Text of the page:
Foreign Superbugs Invade The U.S

Two new cases of what is being deemed an emerging “superbug” have been confirmed by the Centers for Disease Control and Prevention. Both cases occurred in my home state of Rhode Island, and bring light to an emerging threat that people need to be made more aware of.

This new threat, known as carbapenem-resistant Enterobacteriaceae (CRE), describes a family of germs that are highly resistant to many antibiotic treatments. CRE can be found in the normal gut flora of humans, where such bacteria can survive without causing any clinical problems in healthy individuals. For those with compromised immune systems however, CRE can wreak havoc through mechanisms of destruction similar to that of C. diff and other opportunistic pathogens.

What is important to mention about this new threat is that it involves the presence of an enzyme that has been found in several types of gram-negative bacteria. This enzyme, known as New Delhi metallo-beta-lactamase (NDM), aids in the survival of the bacteria in which it is found, as a new line of defense in the resistance to antibiotics. For example, the two cases reported in Rhode Island involved E. coli and Klebsiella pneumoniae, which both contained the NDM enzyme.

The first case involving the enzyme in the United States was reported by the CDC in 2010.  In Europe, the presence of this enzyme had been causing alarm for at least two years before occurring in the United States. The important fact here is that this new threat did not arise in the United States, but was rather brought over from other countries. In the first Rhode Island case, the CDC explained that they believe the woman who tested positive for CRE containing the NDM enzyme had just returned home from a trip back to her native Cambodia, where she had been hospitalized during her stay.

While these two new cases bring the number of NDM cases in the United States to a total of 13, they also highlight the fact that hospitals in the United States are being forced to deal with highly resistant strains of bacteria that they have never seen before.

In a previous post, I discussed the release of a new drug to treat C. diff. While such advancements are great, we must be sure to use them wisely. The emergence of this new superbug simply reinforces this. These disease-causing bacteria are striving to survive just as any other organism does. Therefore, they have the ability to evolve and adapt in order to ensure their survival.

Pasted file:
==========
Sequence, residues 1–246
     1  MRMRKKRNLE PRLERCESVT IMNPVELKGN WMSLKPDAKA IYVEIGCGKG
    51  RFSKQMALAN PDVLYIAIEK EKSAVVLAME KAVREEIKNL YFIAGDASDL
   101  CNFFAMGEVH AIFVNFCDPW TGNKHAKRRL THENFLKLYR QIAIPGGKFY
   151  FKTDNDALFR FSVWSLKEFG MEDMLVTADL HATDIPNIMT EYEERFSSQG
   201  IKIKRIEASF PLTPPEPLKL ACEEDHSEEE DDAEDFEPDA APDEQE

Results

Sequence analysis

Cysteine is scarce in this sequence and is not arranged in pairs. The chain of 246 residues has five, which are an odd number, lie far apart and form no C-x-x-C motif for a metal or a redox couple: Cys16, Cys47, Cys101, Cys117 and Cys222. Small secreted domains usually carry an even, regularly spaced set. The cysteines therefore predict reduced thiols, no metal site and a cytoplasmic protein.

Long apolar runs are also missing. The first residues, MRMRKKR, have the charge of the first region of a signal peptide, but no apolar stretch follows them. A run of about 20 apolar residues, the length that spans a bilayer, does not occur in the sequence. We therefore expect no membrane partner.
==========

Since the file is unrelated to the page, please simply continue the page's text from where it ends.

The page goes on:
I often try to reinforce the idea of cooperation among patients and healthcare professionals when talking about what can be done to improve patient safety and to reduce the risk of medical error. Working together can also aid in the fight against antibiotic resistance. Doctors need to be sure to prescribe antibiotics only when necessary, and patients need to take such treatments specifically as they were prescribed. The overuse and misuse of antibiotics are two of the main contributing factors to antibiotic resistance.

Hand-hygiene and disinfectant practices aimed at the prevention of healthcare-associated infections are also essential in fighting these superbugs. We need to focus on preventing such diseases before they spread, thus taking away the need for treatment.

Every time a patient in the hospital contracts one of these superbugs, treatment involves exposing the bacterial organisms to the strongest of antibiotic treatments, creating more opportunity for such bacteria to evolve and adapt. Just think about how many individuals you have heard of that have been affected by MRSA when they weren’t even sick. By abusing antibiotics and allowing germs to spread, we’re creating more and more potential threats for the human race. Once again, we have the opportunity to make changes that will save lives in the present and also help future generations. It all starts with getting the general public aware of the issue while they are still able to help themselves.

Image via: Creative Commons

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